"Transshipment is the last fort of Hong Kong's port business and if we lose that it will mark the end of our port."
Alan Lee Yiu-kwong
HK Container Terminal Operators Association
SCMP, November 25
Mr Lee has thus complained to the Transport and Housing Bureau that ports across the border are illegally taking business from Hong Kong by inciting shipping companies to make false declarations of origin.
I think this is indeed a matter for the bureau to look at very closely but with its Housing hat on rather than its Transport one.
The facts are simple. We are losing our port business in Hong Kong and there is nothing we can do about it other than cover our eyes and say that we cannot see it happening.
The business is going across the border because that is where it naturally belongs, close to the Guangdong manufacturing centres rather than in the middle of a bustling city at the end of a traffic-clogged roadway that crosses a border where rules to protect vested interests add extra costs.
The only reason we ever had a container port is that Guangdong was much further behind on the development path. It has now caught up.
And the only reason we still have a container port is that Beijing is still trapped in commercial inefficiencies. It will not allow foreign carriers to transport cargo from one domestic port to another, a practice known as cabotage. This trade is reserved for China-registered vessels.
But Hong Kong is deemed a non-domestic port for these purposes (sometimes we're China, sometimes we're not, don't ask me). This means that foreign carriers can transship their China cargoes here, which they cannot do in Shenzhen although it would be more cost-effective for them if they could.
Port operators in Shenzhen know it too and they have come up with the solution. "Why don't you declare Hong Kong as your port of origin in your manifests," they tell shippers. "That way it's not trade between two domestic ports. Then you can bring all the business here and save money."
I can understand why Mr Lee is worried about this. Transshipments now account for more than 60 per cent of our port's business and if Shenzhen takes it away then what is left of our port's real export/import business will also soon vanish.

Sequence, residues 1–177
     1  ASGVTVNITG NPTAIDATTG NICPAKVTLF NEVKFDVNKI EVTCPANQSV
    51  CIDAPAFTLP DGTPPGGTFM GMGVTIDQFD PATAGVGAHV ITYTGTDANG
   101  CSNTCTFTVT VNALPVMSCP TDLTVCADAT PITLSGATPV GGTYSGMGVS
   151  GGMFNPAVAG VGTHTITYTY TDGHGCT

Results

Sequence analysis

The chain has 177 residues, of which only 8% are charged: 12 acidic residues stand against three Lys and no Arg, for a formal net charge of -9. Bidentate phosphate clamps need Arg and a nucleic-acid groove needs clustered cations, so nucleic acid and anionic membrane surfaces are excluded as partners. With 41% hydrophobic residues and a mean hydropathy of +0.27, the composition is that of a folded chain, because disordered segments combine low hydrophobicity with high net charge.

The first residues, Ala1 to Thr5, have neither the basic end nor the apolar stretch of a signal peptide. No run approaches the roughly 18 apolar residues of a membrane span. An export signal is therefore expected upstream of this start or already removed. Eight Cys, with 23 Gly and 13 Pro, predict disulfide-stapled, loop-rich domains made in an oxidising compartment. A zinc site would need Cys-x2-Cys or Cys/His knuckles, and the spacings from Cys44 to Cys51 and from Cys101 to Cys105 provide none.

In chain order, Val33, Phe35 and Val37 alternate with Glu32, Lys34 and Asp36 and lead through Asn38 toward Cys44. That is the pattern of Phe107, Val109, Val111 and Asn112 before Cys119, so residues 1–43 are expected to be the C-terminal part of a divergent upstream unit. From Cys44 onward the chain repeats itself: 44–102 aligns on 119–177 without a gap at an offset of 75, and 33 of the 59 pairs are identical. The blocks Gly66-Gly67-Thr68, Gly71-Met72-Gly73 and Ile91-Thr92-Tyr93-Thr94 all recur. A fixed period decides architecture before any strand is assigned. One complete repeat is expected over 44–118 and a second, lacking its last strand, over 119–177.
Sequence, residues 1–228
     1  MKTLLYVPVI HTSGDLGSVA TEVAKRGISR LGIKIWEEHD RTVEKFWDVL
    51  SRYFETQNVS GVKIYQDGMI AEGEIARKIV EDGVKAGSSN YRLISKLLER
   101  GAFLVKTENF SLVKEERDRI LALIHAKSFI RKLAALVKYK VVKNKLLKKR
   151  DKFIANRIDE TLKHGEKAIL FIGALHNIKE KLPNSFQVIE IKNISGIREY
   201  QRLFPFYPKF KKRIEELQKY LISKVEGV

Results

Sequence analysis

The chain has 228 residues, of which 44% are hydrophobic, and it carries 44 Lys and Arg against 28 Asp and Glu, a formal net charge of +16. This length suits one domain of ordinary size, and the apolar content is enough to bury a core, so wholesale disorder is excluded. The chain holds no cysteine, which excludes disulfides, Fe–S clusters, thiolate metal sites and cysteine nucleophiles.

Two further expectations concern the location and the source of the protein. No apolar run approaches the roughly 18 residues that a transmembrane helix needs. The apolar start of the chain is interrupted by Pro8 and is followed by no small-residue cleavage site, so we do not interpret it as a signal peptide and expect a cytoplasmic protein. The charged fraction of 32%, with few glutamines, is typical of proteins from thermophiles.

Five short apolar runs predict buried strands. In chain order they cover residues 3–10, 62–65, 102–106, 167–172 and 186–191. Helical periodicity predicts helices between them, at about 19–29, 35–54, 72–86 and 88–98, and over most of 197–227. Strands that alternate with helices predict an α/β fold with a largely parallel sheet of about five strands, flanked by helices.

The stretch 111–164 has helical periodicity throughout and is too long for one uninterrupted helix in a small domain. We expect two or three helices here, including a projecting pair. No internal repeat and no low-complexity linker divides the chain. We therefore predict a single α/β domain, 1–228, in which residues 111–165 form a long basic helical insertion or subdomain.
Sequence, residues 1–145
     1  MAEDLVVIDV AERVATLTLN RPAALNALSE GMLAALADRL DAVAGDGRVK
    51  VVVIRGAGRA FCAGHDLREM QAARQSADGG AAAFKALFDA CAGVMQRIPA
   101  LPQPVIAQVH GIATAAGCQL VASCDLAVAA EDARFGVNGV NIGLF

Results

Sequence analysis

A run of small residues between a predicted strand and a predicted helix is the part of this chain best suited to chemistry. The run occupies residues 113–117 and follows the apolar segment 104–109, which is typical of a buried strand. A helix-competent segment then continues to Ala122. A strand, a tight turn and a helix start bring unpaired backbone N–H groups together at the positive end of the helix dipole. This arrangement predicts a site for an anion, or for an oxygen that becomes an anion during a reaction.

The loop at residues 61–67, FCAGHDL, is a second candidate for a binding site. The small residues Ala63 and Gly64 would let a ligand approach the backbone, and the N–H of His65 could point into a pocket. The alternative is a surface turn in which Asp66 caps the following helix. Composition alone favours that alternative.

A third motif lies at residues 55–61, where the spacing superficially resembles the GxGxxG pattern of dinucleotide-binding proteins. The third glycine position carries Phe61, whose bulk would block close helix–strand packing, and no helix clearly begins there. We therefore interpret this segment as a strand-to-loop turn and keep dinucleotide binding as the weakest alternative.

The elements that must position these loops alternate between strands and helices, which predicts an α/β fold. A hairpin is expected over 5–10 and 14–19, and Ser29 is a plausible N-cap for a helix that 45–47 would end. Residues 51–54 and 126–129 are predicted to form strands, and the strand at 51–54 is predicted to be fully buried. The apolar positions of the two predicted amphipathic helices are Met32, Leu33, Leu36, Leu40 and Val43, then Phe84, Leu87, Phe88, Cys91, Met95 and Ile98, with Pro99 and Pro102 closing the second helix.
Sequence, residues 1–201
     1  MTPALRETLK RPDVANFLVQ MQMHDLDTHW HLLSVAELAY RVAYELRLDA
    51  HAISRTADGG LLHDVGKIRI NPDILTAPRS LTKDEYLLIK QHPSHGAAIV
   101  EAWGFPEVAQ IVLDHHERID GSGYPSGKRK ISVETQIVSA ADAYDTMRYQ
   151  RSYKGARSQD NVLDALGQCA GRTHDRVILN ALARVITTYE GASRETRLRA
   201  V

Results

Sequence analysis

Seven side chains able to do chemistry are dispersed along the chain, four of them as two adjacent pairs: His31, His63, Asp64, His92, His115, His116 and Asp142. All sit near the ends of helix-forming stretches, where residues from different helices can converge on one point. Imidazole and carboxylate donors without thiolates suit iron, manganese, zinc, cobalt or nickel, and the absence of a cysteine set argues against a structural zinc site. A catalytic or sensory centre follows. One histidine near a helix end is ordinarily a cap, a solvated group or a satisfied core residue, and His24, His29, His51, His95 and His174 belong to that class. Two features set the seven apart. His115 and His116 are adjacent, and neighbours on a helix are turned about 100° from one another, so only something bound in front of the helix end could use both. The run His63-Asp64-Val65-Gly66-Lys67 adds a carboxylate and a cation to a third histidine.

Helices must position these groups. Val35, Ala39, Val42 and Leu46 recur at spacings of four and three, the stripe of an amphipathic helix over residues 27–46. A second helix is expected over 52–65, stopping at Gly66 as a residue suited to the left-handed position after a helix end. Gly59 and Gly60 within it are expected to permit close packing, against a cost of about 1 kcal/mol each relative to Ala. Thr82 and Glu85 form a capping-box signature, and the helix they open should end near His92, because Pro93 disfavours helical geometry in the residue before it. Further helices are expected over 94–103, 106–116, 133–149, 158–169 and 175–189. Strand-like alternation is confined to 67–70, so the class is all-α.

I think it a waste of breath for him, however, to protest that this new practice is illegal. In the first place, to follow all the rules of business across the border is to go out of business. Illegality is the lifeblood of enterprise in Shenzhen.
More than that, he complains to the wrong people. No branch of the Hong Kong government can do much for him.
But most of all, why should it really bother us? Big ports do not belong in the centre of big cities. The only reason Rotterdam still has one is that Rotterdam is only a port. London and New York, however, have long seen their port businesses move out and both cities still thrive. They have found other things to do. So can we.
There is also a very big bonus in letting Shenzhen have the business. It will free up 2.7 square kilometres of prime waterfront land with excellent transport links right in the centre of our city.
A little reclamation between the terminals (don't need water where there will be no ships) could easily raise this to over four square kilometres.
This alone would be enough for almost all the 470,000 flats our government says it must build but for which it supposedly cannot find land, all of it in relatively open planning at lower densities than existing public housing estates.
So instead of complaining of illegal practices, why don't we help Shenzhen take that transshipment business and start planning now for Kwai Tsing Town?
I recognise there is a bureaucratic inertia here that says what is designated for port must be port.
But what can that inertia say when there is no longer a port business for our port? Must the land be left vacant then?
It is time to start planning now.